Date Posted: 31/05/2016
The British obsess about naval battles and always have done. Yes, we are an island nation; yes the sea matters; but that does not necessarily mean that it matters MORE than it does — or it did — to France or Germany: The French coastline is longer than ours; Germany was as dependent on maritime imports in WW1 as we were, hence the key position of maritime blockade of Germany in British strategy during the war.
And what of the battle of Jutland itself? Yes it was ‘indecisive’ but what were people expecting then? And what do people consider now to be ‘decisive?’. ‘They wanted a new Trafalgar’ they cried then, and everyone cries now, but here’s the key thing about Trafalgar that everyone tends to overlook: Trafalgar was fought in 1805 but we didn’t defeat Napoleon until 1815. That’s a DECADE later.
So the really interesting question has two sides to it: one is the actual impact of seapower upon history and the other is the public perception of the impact of seapower upon history. The role of the historian, of course, is to bring the two together as closely as possible. Far more, indeed, needs to be written about the impact of seapower upon history but we do at least know that seapower affects economics, politic, culture, society and so on in an enormous variety of ways. In fact, fleets of naval ships don’t even have to doanything to affect history. They can simply exist and exude a threat thereby influencing history. So often the impact of seapower needs to be measured in its promise rather than its actual effect, and so too must its ghost be considered — fleets influenced wars long after their presence left a theatre of operations.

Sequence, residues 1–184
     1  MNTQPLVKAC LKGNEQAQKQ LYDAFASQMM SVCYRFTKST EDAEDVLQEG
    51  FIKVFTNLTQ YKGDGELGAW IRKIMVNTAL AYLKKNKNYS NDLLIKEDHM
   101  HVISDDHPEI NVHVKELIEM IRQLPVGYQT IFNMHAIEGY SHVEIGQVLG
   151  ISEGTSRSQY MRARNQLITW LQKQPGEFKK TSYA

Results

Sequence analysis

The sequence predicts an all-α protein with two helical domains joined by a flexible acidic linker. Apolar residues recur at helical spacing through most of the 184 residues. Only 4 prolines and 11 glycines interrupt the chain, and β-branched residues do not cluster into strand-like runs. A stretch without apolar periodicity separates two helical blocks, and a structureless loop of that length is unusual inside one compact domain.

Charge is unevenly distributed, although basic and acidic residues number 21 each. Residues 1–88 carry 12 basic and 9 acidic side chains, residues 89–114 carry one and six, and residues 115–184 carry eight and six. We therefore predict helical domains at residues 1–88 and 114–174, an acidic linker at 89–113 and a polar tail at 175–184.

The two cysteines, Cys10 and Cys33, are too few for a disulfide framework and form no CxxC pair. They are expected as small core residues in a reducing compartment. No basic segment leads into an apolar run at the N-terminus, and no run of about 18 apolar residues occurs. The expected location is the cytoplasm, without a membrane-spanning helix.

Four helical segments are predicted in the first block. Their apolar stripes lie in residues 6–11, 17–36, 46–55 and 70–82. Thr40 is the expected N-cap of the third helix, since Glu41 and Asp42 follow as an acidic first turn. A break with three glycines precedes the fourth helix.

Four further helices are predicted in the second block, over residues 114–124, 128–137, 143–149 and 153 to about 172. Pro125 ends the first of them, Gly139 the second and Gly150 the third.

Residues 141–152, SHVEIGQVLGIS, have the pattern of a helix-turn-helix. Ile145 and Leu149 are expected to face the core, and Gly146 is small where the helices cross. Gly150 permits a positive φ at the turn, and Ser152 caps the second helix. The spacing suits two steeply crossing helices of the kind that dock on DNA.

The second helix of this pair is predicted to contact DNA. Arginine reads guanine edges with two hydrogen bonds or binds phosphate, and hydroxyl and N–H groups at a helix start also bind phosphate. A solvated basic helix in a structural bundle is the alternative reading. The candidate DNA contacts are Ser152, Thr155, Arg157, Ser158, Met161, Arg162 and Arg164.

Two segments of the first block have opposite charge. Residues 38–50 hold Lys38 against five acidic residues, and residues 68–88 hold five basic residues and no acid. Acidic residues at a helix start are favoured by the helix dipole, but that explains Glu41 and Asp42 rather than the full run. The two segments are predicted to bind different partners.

Jutland, then, must be weighed and measured in numerous ways. Ok the British expected a victory and they expected that victory to rapidly and directly affect the war, and for me that is the interesting point — for it reveals an ignorance of naval history that has influenced British politics and cultural thought for a century. Naval battles simply do NOT affect wars that quickly and never have done, which means that in this obsession with naval battles we find a fascinating flaw in the British psyche — a love for seapower allied with a curious misunderstanding of how it works.